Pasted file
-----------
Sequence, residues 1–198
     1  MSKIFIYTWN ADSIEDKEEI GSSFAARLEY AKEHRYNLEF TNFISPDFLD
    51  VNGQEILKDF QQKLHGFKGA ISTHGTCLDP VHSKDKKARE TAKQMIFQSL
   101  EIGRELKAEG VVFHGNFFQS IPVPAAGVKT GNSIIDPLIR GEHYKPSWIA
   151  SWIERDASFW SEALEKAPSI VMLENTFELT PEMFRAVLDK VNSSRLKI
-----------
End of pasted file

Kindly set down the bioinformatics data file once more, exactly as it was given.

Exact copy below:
Sequence, residues 1–198
     1  MSKIFIYTWN ADSIEDKEEI GSSFAARLEY AKEHRYNLEF TNFISPDFLD
    51  VNGQEILKDF QQKLHGFKGA ISTHGTCLDP VHSKDKKARE TAKQMIFQSL
   101  EIGRELKAEG VVFHGNFFQS IPVPAAGVKT GNSIIDPLIR GEHYKPSWIA
   151  SWIERDASFW SEALEKAPSI VMLENTFELT PEMFRAVLDK VNSSRLKI